This year, our Parsha Naso falls out on the Shabbos after Shavuot, but the lessons regarding national unity as expressed by the Kohanim in the Birchat Kohanim, and fairness, honesty in dealings and interelationships between all types of Jews are pertinent for all-time, not just as paradigm for Mattan Torah.
The importance of these common threads in carving out national unity would, or should extend to the nuture and acceptance of Ba’alei Teshuva into the observant community, as well as to an attitude of respect, acceptance and cooperation by an indigenous Jewish kehal, be it on a national level or a local one, for new arrivals — be they Ger Tzaddikim or Olim Chadashim.
Near the beginning of Parsha Naso, Hashem speaks to Moshe telling him to speak to the B’nai Yisrael as follows;
“… A man or woman who commits any of man’s sins, by committing treachery toward Hashem.” (Sefer Bamidbar, Perek 5, posuk 6)
R’ Shimshon Rafael Hirsch, z’l in the new Hirsch Chumash (published by Feldheim in 2005 and translated to English by Daniel Haberman) illustrates and emphasizes this treachery by way of equation of man’s sins in his business dealings with committing a breach of trust against Hashem (Hirsch Chumash, Sefer BaMidbar, commentary on Perek 5, posuk 6, pages 68-69):
Every… sin against one’s fellow man is also a breach of trust against Hashem; for… Hashem is the Guarantor of honesty in business dealings between men. The breach of trust is especially serious if the person takes an oath and invokes the Name of Hashem in order to prove his honesty. In such a case, the appeal to Hashem is exploited in order to conceal an injustice. The debt owed to one’s fellow man becomes, as a result of the oath, a debt owed to Hashem. It is elevated to sacred status because the oath taker claims that he is “close to Hashem”; he as it were, wraps himself in the Me’il [the robe — Rashbam: garment of honor — Stone Chumash Parsha Tetzaveh, page 467] of the Kohen, and his treachery against his fellow thereby becomes Me’ilah [in modern day Israeli Iv’rit = embezzlement].
Rav Zelig Pliskin, in his sefer “Growth Through Torah,” attributes to Sforno comments to the effect that:
“… this refers to one who steals from a convert to Judaism.”
Parshiyot HaShevu’ot which this author has developed and said over through the years have tended to focus on the middot of honesty and Ahavat Chinom for our fellow Jews and the impact that a lack of these middot makes on our collective mindset at various levels; from personal, to business, to learning, to the levels of governing and politics. It seems that a paradigm of these middot is how we are taught to treat the Ger Tzeddik. We are taught to go above and beyond the norm –to go, in the vernacular which evolved from American Pro-Football, beyond “the full nine yards” in extending kindnesses to a Ger Tzeddek.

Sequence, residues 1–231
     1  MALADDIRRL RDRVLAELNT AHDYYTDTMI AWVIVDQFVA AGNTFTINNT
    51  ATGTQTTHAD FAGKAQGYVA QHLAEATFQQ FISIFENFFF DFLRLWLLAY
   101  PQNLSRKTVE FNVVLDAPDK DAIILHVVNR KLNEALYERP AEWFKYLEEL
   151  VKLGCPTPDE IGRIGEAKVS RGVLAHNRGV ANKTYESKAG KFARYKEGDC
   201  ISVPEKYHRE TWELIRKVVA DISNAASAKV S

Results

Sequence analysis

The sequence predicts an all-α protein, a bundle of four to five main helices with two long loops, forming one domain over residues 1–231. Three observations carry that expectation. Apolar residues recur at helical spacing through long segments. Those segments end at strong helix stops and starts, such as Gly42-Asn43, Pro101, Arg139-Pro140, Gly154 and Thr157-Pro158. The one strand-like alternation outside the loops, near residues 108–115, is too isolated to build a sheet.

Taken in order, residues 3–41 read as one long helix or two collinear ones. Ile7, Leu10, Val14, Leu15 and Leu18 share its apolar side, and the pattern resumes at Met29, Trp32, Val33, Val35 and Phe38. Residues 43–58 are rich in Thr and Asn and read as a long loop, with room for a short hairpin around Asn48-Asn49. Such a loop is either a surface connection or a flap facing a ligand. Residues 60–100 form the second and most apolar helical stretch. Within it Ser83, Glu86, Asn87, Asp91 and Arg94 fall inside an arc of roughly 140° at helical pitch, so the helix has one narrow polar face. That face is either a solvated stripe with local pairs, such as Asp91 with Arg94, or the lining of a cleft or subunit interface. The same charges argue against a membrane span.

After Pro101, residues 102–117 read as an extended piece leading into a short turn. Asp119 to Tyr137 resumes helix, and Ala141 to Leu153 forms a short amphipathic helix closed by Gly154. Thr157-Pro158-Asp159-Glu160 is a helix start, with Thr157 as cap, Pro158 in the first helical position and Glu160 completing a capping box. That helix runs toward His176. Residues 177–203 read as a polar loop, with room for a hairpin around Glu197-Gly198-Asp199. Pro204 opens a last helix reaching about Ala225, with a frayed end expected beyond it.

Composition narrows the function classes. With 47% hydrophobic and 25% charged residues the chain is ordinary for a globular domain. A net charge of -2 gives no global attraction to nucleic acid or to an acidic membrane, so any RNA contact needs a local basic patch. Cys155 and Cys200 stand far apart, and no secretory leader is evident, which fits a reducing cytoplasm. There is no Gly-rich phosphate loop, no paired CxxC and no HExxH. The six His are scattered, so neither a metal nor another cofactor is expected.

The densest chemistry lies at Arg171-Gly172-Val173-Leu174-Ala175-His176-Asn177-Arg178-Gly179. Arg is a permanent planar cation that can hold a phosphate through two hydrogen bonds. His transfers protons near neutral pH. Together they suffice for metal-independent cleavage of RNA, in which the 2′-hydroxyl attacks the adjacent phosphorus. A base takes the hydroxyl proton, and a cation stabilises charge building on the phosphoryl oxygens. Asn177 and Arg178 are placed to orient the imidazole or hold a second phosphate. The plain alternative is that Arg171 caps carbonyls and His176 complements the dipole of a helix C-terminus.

Rav Pliskin continues as follows;
“A person who comes to Torah on his own volition does so because of the beautiful and elevated ideas he hears regarding Torah principles. He made his decision on the assumption that those who follow the Torah will act toward him in accordance with all the Torah laws pertaining to interpersonal relations. If someone cheats him financially or in some other way wrongs him, he [the Ger Tzeddik] will not only suffer a monetary loss. Rather, he might also feel disillusioned with his decision to accept a Torah way of life.
The Ger Tzeddek has usually given up very much because of his ideals and will experience much pain from his disappointment that the people he is in contact with do not meet the Torah standards he expected of them. The importance of not harming a convert can be seen from the fact that Torah warns us about this in a number of places. From the negative we can learn the positive. The merit of acting with love and kindness toward a convert is great.” (“Growth Through Torah”, page 312)
There is an old axiom that amongst Religious Jews that he who was born, raised and has lived his entire life as a Religious Jew can’t fit into the shoes or know the road that the Ba’al Teshuva has traveled. Chavel Chomer, that all Jews can’t know and internalize the road that the Ger Tzaddik has traveled in his evolution toward the Emmet of Judaism. But often, there seems to be a chauvinism shown amongst some of those who are frum-from-birth toward the Ba’al Teshuva, the Ger Tzeddek, or the Oleh Chadash.
As with the Ger Tzeddek, an indigenous klal — whether local or national, can’t possibly know the road travelled by the Oleh Chadash (new resident) who, heretofore, lived in a foreign land, or the road travelled by those from whom the oleh chadash descended, it seems obvious, yet often disregarded — tread upon with the Eikev — with the heel, that the indigenous klal ought not to use the intricate nuances of their language, or so-called “local customs” to trick, to put “obstacles in the way of the blind” — the oleh chadash — the new resident who made aliyah from a foreign land. The indigenous klal — whether local or national, must also not walk before either the Ger Tzeddek or the Oleh Chadash with feelings of superiority or priority entitlements because of “their hard lives”, because of their army service, because of their pain as terrorist victims or loss of loved ones on the battlefield.
Who among this indigenous klal can know the pain and suffering of their fellow Jew, the oleh chadash, instilled as a result of the Sho’ah, of generations of pogroms, abuse, persecution and more?? It seems obvious that every Jew, that every Oleh Chadash has at least the same merit as the indigenous Israeli Jew, that he merits the same rights to live, earn a living, receive justice in legal proceedings and appropriate, adequate, transparent medical care, etc. in Eretz Yisrael as does the indigenous klal — the native-born — without what might be called the local double-talk.